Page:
In April 2019, enSilo detected what it believes to be new activity by Chinese cyber espionage group APT10. The variants discovered by enSilo are previously unknown and deploy malware that is unique to the threat actor. These malware families have a rich history of being used in many targeted attacks against government and private organizations. The activity surfaced in Southeast Asia, a region where APT10 frequently operates.
Towards the end of April 2019, we tracked down what we believe to be new activity by APT10, a Chinese cyber espionage group. Both of the loader’s variants and their various payloads that we analyzed share similar Tactics, Techniques, and Procedures (TTPs) and code associated with APT10.
Although they deliver different payloads to the victim's machine, both variants drop the following files beforehand:
- jjs.exe - legitimate executable
- jli.dll - malicious DLL
- msvcrt100.dll - legitimate Microsoft C Runtime DLL
- svchost.bin - binary file
Among the payloads we found are PlugX and Quasar RATs. The former is well known to be developed in-house by the group with a rich history of being used in many targeted attacks against different government and private organizations. PlugX is a modular structured malware that has many different operational plugins such as communication compression and encryption, network enumeration, files interaction, remote shell operations and more.
The samples we analyzed originated from the Philippines. APT10 frequently targets the Southeast Asia region.
In this article we examine both versions of the loader along with their payloads, TTPs and Command and Control (C&C) server information.
Abusing a Legitimate Executable
The loader starts out by running a legitimate executable which is abused to load a malicious DLL instead of a legitimate one which it is depended on. The method is known as DLL Side-Loading.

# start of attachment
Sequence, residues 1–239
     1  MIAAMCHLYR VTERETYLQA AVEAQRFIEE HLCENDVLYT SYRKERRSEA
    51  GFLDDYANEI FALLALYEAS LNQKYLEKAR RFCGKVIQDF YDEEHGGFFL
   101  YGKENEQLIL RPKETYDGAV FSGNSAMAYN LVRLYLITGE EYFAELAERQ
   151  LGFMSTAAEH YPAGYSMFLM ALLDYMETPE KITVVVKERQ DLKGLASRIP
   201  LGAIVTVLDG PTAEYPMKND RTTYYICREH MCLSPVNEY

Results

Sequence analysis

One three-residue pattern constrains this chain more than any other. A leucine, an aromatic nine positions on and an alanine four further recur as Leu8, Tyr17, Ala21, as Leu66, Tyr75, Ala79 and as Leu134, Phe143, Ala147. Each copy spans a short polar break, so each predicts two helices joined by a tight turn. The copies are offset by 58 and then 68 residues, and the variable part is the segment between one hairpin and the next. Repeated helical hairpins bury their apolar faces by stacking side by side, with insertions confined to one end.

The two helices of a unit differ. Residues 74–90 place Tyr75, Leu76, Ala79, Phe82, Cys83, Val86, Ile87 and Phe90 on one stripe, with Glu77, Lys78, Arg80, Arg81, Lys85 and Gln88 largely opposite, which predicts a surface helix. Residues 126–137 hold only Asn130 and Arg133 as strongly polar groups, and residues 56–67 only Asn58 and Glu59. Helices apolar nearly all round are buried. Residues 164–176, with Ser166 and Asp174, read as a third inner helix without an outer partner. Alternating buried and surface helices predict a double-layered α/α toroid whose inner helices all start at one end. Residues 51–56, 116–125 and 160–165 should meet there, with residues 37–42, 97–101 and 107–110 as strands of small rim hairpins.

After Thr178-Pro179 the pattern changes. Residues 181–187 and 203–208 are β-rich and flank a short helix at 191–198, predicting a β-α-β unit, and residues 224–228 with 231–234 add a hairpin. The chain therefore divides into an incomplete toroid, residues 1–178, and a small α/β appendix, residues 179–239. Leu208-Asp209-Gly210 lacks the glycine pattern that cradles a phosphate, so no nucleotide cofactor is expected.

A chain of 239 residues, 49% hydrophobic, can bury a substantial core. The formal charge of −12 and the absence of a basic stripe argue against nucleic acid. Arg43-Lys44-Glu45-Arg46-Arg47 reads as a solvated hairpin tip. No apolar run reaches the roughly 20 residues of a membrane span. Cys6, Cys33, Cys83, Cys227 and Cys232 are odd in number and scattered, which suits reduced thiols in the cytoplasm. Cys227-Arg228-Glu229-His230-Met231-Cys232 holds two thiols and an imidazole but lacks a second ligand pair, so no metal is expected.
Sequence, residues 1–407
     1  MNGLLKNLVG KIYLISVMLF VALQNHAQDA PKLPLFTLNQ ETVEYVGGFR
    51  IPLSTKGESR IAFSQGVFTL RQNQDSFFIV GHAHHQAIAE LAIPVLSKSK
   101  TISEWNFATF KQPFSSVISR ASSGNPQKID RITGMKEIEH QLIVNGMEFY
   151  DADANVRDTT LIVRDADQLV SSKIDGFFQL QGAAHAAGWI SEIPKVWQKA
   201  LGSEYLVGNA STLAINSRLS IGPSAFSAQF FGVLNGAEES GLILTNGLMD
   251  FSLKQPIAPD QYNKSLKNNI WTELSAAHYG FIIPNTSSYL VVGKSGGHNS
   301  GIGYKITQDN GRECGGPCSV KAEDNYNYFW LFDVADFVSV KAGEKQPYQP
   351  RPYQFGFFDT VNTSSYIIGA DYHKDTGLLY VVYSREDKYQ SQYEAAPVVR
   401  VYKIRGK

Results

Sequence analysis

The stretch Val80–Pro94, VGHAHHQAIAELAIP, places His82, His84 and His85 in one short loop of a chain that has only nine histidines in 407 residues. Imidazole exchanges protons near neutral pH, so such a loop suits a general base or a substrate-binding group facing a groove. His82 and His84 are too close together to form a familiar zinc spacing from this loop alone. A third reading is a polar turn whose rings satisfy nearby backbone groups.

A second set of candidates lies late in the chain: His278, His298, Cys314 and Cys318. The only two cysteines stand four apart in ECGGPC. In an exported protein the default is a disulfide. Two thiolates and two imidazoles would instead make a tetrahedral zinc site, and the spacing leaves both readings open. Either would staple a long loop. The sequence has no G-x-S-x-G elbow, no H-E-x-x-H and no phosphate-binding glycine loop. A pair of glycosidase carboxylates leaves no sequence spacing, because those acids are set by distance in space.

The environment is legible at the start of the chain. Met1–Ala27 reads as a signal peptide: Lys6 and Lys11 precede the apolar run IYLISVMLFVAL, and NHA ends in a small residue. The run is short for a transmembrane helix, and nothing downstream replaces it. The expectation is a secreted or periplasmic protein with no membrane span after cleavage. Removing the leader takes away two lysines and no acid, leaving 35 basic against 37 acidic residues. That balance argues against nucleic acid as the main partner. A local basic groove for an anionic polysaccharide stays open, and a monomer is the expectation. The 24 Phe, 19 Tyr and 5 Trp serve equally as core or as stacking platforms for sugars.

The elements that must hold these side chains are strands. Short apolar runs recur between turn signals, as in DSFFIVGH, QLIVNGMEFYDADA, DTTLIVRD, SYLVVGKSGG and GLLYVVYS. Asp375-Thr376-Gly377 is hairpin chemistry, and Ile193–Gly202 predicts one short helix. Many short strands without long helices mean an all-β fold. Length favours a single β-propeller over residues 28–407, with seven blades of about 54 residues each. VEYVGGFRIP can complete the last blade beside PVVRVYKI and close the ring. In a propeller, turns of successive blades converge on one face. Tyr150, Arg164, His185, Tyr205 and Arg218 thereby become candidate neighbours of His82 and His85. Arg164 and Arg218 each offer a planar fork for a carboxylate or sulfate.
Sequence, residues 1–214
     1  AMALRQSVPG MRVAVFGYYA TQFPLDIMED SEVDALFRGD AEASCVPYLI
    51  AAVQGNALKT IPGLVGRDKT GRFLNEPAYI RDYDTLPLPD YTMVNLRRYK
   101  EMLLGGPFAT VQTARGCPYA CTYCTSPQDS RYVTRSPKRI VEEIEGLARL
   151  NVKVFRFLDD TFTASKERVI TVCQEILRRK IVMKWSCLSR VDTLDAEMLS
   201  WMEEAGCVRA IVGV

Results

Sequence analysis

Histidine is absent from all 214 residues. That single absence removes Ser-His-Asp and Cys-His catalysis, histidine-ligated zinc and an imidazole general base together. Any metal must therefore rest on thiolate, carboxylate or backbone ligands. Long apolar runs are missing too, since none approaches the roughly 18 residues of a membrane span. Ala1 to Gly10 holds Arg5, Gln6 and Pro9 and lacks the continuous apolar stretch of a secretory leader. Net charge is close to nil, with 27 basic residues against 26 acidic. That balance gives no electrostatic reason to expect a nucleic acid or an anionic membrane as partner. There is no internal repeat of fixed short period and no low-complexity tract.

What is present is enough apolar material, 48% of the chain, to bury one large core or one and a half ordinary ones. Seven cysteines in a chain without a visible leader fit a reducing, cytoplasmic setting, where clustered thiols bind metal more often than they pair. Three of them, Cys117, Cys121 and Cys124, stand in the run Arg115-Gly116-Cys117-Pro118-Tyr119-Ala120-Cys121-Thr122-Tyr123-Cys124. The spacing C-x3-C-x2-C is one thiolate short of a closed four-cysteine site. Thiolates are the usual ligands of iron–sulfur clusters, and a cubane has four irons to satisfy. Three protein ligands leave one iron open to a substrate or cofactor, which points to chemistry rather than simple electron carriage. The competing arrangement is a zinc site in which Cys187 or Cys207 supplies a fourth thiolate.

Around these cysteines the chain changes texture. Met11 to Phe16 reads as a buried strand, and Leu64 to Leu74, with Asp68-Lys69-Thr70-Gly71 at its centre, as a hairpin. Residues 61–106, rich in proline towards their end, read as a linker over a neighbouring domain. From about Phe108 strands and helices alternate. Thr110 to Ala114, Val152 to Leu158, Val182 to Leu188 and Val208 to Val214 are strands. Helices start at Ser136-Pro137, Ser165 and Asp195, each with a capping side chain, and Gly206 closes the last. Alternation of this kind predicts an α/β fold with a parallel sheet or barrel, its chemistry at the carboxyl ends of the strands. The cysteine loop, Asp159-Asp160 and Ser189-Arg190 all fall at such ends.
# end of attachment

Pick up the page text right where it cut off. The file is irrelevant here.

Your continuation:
In both variants, the abused executable is jjs.exe which loads jli.dll. The DLL exports the following functions:
The first function called by jjs.exe is JLI_CmdToArgs which is implemented by the malware author and behaves differently in each variant.
Running The Payload
The malicious DLL maps the data file, svchost.bin, to memory and decrypt it. The decrypted content is a shellcode that is injected into svchost.exe and contains the actual malicious payload.
The decryption process resembles previous versions used by the group in PlugX\RedLeaves.
Figure 1: Decryption of the binary file
The injection flow is rather simple and being done by creating a process in suspended state, allocating memory with VirtualAllocEx, writing the shellcode with WriteProcessMemory and running it using CreateRemoteThread. The complete execution flow is visualized by figure 2 below.
Figure 2: Loader’s execution flow
The first variant uses a service as its persistency method. It installs itself (jjs.exe) as the service and starts it. When running in the context of the service it performs the decryption and injection as described above.
We have observed the variant delivering both Quasar and PlugX, which we’ll discuss later on.
Among the different samples we tested, we encountered the following service names being registered:
Unlike the first variant, this variant uses the Run registry key for the current user under the name “Windows Updata” to ensure its persistency rather than installing a service. This variant delivered the same PlugX DLL, same as the first loader.
Modified Quasar RAT
The injected shellcode reflective loads in-memory an executable it reconstructs from data which is bundled with it. The reflective load code is obfuscated, as function calls are made by dynamically resolving their addresses according to hashed values.
The executable tries to run conhost.exe from C:\Users\Public\Documents and in case it doesn’t exists it turns to ffca[.]caibi379[.]com to download it. The code that sends the HTTP request seems to be buggy. While wininet!InternetOpenW (the unicode version of the function) is used, an ascii value is provided as the User-Agent, so instead of “RookIE/1.0” the request headers will include inconsistent and meaningless values as can be seen in Figure 3.
Figure 3: .NET downloader’s HTTP request
In our analysis the conhost.exe that was downloaded is itself another downloader written in .NET and disguised as a legitimate system executable.
This extremely simplified downloader contains only the capability of downloading and executing a base-64 encoded executable from the hardcoded address using a simple System.Net.WebClient HTTP request: ffca[.]caibi379[.]com/rwjh/qtinfo.txt.
The downloaded payload is a modified Quasar RAT. This version contains an addition of SharpSploit to extract passwords from the victim machine using the framework’s built-in mimikatz capabilities.
Figure 4: Quasar Assembly information
Figure 5: Embedded SharpSploit code